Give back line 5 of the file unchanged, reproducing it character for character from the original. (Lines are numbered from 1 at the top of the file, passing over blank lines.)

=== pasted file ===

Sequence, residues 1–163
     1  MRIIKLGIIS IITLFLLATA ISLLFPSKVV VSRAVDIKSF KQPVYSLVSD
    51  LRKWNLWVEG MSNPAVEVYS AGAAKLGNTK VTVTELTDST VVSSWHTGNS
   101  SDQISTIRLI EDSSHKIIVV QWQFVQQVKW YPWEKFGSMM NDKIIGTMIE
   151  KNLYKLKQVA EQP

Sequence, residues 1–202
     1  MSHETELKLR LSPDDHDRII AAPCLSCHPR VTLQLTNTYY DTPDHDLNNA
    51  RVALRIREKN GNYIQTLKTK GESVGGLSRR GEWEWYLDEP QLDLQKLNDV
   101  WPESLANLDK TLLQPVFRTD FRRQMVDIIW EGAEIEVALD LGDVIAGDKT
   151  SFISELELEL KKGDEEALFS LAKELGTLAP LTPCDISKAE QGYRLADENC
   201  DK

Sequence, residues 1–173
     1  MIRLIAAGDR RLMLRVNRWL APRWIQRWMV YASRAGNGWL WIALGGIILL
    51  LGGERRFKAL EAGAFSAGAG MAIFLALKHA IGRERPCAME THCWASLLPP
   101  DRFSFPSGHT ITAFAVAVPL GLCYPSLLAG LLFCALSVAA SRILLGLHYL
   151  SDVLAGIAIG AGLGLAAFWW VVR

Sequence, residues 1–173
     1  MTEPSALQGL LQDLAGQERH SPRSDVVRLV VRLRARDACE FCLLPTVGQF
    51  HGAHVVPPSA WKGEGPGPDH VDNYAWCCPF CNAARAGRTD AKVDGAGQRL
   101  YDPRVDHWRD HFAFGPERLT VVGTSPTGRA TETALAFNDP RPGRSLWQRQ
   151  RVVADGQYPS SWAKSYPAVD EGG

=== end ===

   151  KNLYKLKQVA EQP